Cobbing With Children

Aki and Allena build a cob house

One of the joys of cob is the peaceful nature of the construction. It’s quiet, nontoxic, artistic, sensory, fun and communal.

Painting by the fire pit.

Our excellent good friends visited last week with their two small children. They were amazed at the idea of a mud house. It took them a bit of time to jump in, but soon we were all busy.

Akian post-voodoo doughnut

At first they enjoyed sprinkling the straw while we stomped the clay and sand together. Then the job of walking the wall to stomp the cob layer down entertained them. Allena was our dibbler. Akian pushed bottle caps and beach stones into the layers. Finally, they wanted to get their feet dirty and wiggled their tiny toes in the soft, cool clay and the scratchy sand (sensory learning!)


In between batches, they made art with sharpies and cedar fence board ends. I set up the easel by the fire pit and they painted their creations. Nathan helped them make a fort with bales of straw and they set up an art gallery inside!

Creating art

They also followed Nathan around, shoveling clay and sand into buckets. They carried fistfuls of cob mix in 5 gallon buckets to the wall. We made a cob mushroom and a cob fairy house. (Allena made a cool fairy nest, but her dad accidentally made it into a baseball.) We read books by the campfire, told many silly jokes and riddles, made up games and stayed up really late.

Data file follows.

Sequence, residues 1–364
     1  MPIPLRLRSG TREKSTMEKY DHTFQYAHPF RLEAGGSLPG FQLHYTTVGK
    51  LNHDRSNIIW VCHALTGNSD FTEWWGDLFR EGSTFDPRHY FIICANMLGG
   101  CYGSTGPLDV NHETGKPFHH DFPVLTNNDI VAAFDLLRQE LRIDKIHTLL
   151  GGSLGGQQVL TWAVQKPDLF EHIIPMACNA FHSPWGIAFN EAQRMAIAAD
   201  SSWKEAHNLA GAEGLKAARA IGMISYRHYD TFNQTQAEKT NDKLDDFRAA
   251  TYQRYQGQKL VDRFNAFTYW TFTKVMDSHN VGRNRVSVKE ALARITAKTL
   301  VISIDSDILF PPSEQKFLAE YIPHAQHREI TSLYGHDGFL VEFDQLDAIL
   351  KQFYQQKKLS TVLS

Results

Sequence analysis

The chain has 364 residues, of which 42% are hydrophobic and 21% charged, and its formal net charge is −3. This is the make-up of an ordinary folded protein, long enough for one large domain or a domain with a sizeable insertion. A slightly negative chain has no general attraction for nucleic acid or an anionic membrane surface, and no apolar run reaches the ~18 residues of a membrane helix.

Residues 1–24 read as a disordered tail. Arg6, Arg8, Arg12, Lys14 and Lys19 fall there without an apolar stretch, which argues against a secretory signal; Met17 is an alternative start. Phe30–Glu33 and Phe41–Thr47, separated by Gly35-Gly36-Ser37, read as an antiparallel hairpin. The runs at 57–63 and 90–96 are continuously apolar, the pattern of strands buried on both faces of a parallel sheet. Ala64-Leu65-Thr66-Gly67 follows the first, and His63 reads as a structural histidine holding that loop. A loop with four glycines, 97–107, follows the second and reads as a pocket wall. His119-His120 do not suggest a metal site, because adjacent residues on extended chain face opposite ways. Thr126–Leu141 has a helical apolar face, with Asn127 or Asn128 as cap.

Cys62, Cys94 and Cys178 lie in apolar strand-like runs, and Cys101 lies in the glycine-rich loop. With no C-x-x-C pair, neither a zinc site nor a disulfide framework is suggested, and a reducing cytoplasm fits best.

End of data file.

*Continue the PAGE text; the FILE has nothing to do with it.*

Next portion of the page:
The fort/gallery

It was a perfect visit, except too short. Cob with kids! They bring unexpected magic that I’m convinced is absorbed by the walls and released slowly into the living space.

Art by Allena. Nathan and I on a blanket.

Jammy Shortbread

Jammy Robertsons

1/2 c. BUTTER
1/4 c. SUGAR (I used lavender sugar)
1 1/2 c. FLOUR
A squeeze of LEMON JUICEĀ 
A splash each of VANILLA and ALMOND EXTRACTS
A bit of your favorite FRUIT JAM

Cream butter, sugar and lemon zest until smooth. Add flour and lightly squeeze with fingers until uniformly crumbly. Add lemon juice and the vanilla and almond extracts. Use hands to work into a big ball of thick paste.

Roll out to 1/4″ thick and cut into small squares. Depress your finger into the center of each. Poke little holes with a fork around the edges. Dollop a tiny bit of your favorite jam into the fingerprints. (Pictured: Beverly Kramer’s Homemade Strawberry Jam)

Bake in a moderately hot oven (I use a wood stove, but 350 degrees should work) until lightly brown. Eat with a nice cup of strong, hot tea and a worthy friend.

P.S. I hid a chocolate chip in a couple. Surprise!